Brands increasingly seek to provide “frictionless” experiences—a sense of ease and efficiency that enables users to engage with them on their terms. However, in a small but growing number of cases, frictionless means eliminating cash as an accepted payment method.
This is a seemingly minor but significant shift in the retail landscape. As a society, it signals a shift away from inclusive commerce toward what might better be described as the age of the preferred customer.
There’s been growing support from both consumers and retailers to move away from cash in favor of digital payment options. This includes credit and debit cards, as well as newer payment forms like mobile (Apple Pay, Google Pay), peer-to-peer (PayPal, Venmo), and virtual or crypto currencies (bitcoin, etherium). According to one recent survey of over 15,000 global consumers, 47 percent of respondents were “excited about the prospect of a cashless world.” The question is whether this is a good thing for those on both sides of the transaction.
Randy Kohl is head of marketing at Gorilla Group, a Wunderman Thompson Company.
On the surface, the move to a cashless society may seem like a win-win situation. However, the only clear winner would be the federal government. In a cashless environment, money laundering and tax evasion would become much more difficult. For brands and consumers, the change is less clear.
When Sweetgreen, the fast-casual restaurant chain, decided to stop taking cash payments in 2016, it cited a number of valid reasons for the decision. These included the decreased risk of theft, environmental sustainability, and overall operational efficiency. Less than four years later, the chain reversed its decision. Sweetgreen had benefited from the change, but it came with an unintended consequence: The brand was unintentionally self-selecting its customers. For a chain whose mission embraces inclusion—in the form of access to healthy food—the inability to serve all potential customers created a problem that required a course correction.
Interestingly, the pushback against cashless business practices has mostly come at the state and municipal level. The Amazon Go business model is predicated on a cash-free customer experience. But the company’s ambitious expansion plans have been tempered by local government intervention. New Jersey and Philadelphia passed laws requiring that all retailers accept cash payments, and San Francisco, Chicago, New York City, and Washington, DC, are considering similar legislation. Why?
Almost 1 in 4 US consumers (which equates to 32.6 million households) are unbanked or underbanked. That means these people either have no access to banking products like credit and debit cards, or must pay exorbitant fees to use instruments like prepaid debit cards. (It seems counterintuitive, but the highest fees in the banking and credit industries are charged to those who can least afford them.) Denying these individuals access to basic products and services based solely on payment method borders on discriminatory. It’s one thing for luxury brands to self-select their customers on the basis of price point, but it’s another for a retailer to deny access to a person trying to buy a pack of gum.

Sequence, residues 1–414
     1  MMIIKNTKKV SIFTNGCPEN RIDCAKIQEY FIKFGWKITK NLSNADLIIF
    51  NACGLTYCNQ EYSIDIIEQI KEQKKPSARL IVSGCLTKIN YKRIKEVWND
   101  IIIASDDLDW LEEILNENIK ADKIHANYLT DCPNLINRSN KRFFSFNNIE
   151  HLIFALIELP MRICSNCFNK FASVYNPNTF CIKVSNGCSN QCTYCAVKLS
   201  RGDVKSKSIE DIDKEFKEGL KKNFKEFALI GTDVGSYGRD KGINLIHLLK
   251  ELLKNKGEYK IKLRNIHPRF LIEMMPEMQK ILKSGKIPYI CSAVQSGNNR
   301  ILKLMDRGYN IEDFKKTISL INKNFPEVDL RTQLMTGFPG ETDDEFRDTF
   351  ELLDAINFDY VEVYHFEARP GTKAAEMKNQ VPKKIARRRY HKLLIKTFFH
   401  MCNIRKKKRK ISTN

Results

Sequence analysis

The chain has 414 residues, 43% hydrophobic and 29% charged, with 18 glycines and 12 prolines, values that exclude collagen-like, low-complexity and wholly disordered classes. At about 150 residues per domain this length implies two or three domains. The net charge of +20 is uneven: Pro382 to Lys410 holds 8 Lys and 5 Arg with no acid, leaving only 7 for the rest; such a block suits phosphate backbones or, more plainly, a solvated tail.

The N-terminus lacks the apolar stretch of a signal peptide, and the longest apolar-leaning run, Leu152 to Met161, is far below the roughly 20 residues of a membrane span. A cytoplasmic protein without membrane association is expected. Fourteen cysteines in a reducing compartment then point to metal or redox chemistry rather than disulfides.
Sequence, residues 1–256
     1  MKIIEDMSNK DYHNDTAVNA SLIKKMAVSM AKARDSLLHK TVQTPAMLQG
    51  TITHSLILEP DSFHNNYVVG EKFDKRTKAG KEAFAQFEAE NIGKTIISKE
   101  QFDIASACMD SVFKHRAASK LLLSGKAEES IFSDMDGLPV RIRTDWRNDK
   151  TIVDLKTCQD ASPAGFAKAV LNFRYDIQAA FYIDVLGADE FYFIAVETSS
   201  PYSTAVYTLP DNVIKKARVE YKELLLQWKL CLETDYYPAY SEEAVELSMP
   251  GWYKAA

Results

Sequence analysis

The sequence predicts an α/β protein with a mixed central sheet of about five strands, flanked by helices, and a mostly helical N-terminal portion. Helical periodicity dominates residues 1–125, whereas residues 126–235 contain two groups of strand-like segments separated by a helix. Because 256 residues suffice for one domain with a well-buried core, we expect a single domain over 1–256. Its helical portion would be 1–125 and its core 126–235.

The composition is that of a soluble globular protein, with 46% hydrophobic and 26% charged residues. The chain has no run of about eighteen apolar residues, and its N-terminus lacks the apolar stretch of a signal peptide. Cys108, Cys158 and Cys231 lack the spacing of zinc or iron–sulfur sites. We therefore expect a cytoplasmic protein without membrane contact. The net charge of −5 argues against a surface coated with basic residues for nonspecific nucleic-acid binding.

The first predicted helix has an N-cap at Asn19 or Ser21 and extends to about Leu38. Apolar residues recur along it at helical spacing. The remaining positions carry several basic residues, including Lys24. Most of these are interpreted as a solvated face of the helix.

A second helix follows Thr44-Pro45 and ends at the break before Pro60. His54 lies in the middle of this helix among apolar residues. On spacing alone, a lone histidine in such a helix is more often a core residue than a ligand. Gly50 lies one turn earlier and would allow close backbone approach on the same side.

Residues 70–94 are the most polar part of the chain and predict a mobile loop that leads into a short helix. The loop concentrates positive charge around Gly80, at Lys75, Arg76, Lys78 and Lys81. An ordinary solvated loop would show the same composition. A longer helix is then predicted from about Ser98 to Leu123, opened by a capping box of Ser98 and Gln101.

Beyond the altruistic arguments that merchants use for going cash-free, there’s another, unstated reason they’re drawn to this model: Consumers spend more. Scientific studies dating back to the 1970s have shown a clear correlation between cashless environments and increased consumer spending. For retailers, the payoff can be substantial. In the absence of cash payment alternatives, consumers’ “willingness to pay” can be increased by up to 100 percent.
Increases in average order size can more than offset the roughly 3 percent transaction fee merchants pay to payment processors. It also explains why a growing number of retail environments, from cruise lines to resorts to amusement parks, are implementing cashless transactional experiences. In these cases, customer convenience directly translates to brand profit.
Despite regular reports of retail data breaches, in much of the developed world the use of cash is on the decline. The incentives for brands to abandon cash are also compelling. Still, until there is a viable alternative payment method that caters to all consumers equally, the need for cash will persist. Brands need to consider inclusive commerce a core part of their overall customer experience. Cash may no longer be king, but its place in the retail landscape will remain for decades to come.